Sports fans should respect teams after loss

Mike Ezekiel

Sports are not life and death.

Yes, this statement is coming from your resident sports editor on campus.

As passionate as I am about sports, I consider it a getaway from life. When I am burdened with college work, numerous projects and life struggles, I spend some time with sports to ease my mind.

With that said, it bothers me when people ruin that getaway.

Oct. 17 was a typical day of college football: fun, exciting and full of great games. Of course, UNA pulled out a 62-28 win over North-Carolina Pembroke in this area, but another game of interest happened in Ann Arbor, Michigan.

University of Michigan punter Blake O’Neill fumbled a snap on the last play of the game, as Michigan State University gained possession and scored for the win.

The loss devastated Wolverine faithfuls, including fans, coaches, players and especially the punter. The fans made O’Neill the scapegoat of the loss, going as far as threatening his life.

As a sports fan, I was angry. I was not frustrated with the punter, but with society.

ESPN broadcaster Joe Tessitore immediately took the issue to television and said one of the most powerful statements I have ever heard.

“If (losing) is grounds for social media death threats and suicide suggestions, then I fear we may be close to teetering on total civility failure,” he said.

Unfortunately, it can make or break someone’s day, week or even his or her year until they play that team again.

This is unhealthy.

In like manner, when a coach does not perform to expectations, fans become disgruntled and want that coach fired, in most cases. In our society, most of the expectations are based solely on winning games, not molding young men and women to be productive in society.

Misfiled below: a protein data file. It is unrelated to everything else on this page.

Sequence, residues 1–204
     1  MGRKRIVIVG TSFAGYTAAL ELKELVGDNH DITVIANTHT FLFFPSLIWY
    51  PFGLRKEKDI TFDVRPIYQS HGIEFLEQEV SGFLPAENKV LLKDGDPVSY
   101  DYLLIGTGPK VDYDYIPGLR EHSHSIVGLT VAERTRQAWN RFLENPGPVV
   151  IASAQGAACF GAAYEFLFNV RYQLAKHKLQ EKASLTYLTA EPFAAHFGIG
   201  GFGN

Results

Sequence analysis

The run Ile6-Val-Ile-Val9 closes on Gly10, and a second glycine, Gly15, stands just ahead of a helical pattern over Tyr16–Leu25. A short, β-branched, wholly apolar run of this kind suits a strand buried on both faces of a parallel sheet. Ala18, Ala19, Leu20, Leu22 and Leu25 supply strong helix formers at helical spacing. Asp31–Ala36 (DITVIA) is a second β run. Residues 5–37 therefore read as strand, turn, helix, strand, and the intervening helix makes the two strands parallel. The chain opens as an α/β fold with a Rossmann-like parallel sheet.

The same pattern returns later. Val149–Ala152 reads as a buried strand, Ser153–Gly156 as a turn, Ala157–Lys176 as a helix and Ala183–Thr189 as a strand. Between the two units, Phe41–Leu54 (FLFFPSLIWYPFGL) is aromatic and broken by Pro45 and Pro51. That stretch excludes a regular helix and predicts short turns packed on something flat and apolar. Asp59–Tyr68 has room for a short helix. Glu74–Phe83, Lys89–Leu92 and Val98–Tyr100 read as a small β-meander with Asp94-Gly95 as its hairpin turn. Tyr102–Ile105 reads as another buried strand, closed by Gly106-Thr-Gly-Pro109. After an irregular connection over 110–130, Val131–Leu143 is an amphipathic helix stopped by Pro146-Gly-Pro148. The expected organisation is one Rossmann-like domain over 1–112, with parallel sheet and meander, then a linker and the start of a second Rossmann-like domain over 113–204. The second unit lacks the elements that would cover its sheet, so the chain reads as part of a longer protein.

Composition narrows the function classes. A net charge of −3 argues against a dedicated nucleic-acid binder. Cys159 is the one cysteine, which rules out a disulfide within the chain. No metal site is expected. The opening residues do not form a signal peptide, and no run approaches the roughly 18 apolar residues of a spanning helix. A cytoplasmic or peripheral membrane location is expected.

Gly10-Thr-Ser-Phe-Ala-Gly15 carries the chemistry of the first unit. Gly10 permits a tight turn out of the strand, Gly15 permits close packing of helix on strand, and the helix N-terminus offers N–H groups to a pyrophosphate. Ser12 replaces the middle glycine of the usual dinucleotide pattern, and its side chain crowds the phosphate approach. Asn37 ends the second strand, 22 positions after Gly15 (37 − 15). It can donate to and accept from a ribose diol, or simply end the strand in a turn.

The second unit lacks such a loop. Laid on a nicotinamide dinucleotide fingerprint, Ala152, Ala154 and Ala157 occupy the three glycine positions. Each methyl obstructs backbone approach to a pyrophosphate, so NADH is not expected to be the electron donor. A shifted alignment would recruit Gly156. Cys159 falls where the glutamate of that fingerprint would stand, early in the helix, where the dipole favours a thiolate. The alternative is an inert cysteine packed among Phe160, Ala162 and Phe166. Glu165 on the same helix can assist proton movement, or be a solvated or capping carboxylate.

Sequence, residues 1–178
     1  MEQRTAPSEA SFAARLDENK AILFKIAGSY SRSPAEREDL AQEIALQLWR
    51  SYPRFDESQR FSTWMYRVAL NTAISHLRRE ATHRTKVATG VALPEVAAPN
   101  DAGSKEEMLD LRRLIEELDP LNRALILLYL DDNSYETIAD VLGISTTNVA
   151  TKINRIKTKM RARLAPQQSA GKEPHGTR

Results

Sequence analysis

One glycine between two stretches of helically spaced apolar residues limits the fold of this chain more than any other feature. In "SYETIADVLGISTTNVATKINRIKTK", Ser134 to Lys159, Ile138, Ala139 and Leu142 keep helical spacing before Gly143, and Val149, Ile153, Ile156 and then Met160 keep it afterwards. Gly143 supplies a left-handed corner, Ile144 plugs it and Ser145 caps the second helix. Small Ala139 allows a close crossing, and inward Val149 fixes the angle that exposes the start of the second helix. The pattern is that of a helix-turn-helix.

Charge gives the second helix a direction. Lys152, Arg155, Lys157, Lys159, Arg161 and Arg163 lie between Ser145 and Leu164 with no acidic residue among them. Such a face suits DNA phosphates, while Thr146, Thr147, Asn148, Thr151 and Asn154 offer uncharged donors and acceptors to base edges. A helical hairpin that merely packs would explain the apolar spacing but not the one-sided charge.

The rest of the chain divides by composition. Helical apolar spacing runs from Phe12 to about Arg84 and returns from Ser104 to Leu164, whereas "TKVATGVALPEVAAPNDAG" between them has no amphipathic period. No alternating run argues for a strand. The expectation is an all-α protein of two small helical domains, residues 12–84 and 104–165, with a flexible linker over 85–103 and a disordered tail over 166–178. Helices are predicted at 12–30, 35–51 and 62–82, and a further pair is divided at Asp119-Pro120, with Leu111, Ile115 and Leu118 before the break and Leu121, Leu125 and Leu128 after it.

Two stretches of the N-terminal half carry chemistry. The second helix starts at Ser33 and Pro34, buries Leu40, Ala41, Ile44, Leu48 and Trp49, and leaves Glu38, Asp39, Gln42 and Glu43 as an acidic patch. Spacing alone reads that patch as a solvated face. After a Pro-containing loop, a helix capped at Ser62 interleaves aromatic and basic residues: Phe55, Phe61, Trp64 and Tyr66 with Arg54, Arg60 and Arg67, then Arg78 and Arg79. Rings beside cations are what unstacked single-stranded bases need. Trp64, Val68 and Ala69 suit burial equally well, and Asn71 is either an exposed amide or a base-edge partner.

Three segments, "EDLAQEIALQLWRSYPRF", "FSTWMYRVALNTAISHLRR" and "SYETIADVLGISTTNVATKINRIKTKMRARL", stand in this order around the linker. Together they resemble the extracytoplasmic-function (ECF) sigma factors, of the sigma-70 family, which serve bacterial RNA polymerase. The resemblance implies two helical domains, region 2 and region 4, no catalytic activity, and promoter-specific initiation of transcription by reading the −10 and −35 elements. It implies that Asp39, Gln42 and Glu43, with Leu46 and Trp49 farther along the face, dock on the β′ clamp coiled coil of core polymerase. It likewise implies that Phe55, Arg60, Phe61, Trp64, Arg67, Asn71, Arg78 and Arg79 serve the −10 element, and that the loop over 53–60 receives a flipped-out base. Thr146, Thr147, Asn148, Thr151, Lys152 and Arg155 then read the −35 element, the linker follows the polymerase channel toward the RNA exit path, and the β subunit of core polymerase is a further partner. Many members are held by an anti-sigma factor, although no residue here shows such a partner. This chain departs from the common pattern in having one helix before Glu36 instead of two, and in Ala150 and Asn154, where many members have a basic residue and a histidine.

My eyes were not opened to this until my senior year of high school, when UNA offensive coordinator, and my former high school coach, Cody Gross gave me some words of wisdom.

“Coaches are constantly criticized,” Gross said. “The coach invests (his or her) life into the program, but when things go bad, we understand it’s part of the business. But when people take joy in a coach being fired, that’s got to be a sad existence.”

When a coach’s son or daughter comes home from school asking if their parent is going to lose the job, it is a sad situation.

Why encourage this? Why take joy in someone else’s mishaps?

Furthermore, why threaten someone’s life because they made a mistake, especially someone who had the talent to be in that position?

The solution is easy, friends. Do not let your life hinge on whether your team wins or loses.

In life, we have our own wins and losses to take care of. Why don’t we encourage not only our team, but also our fellow man to do better, rather than discourage?

As legendary coach Vince Lombardi once said, “It’s not whether you get knocked down; it’s whether you get up.”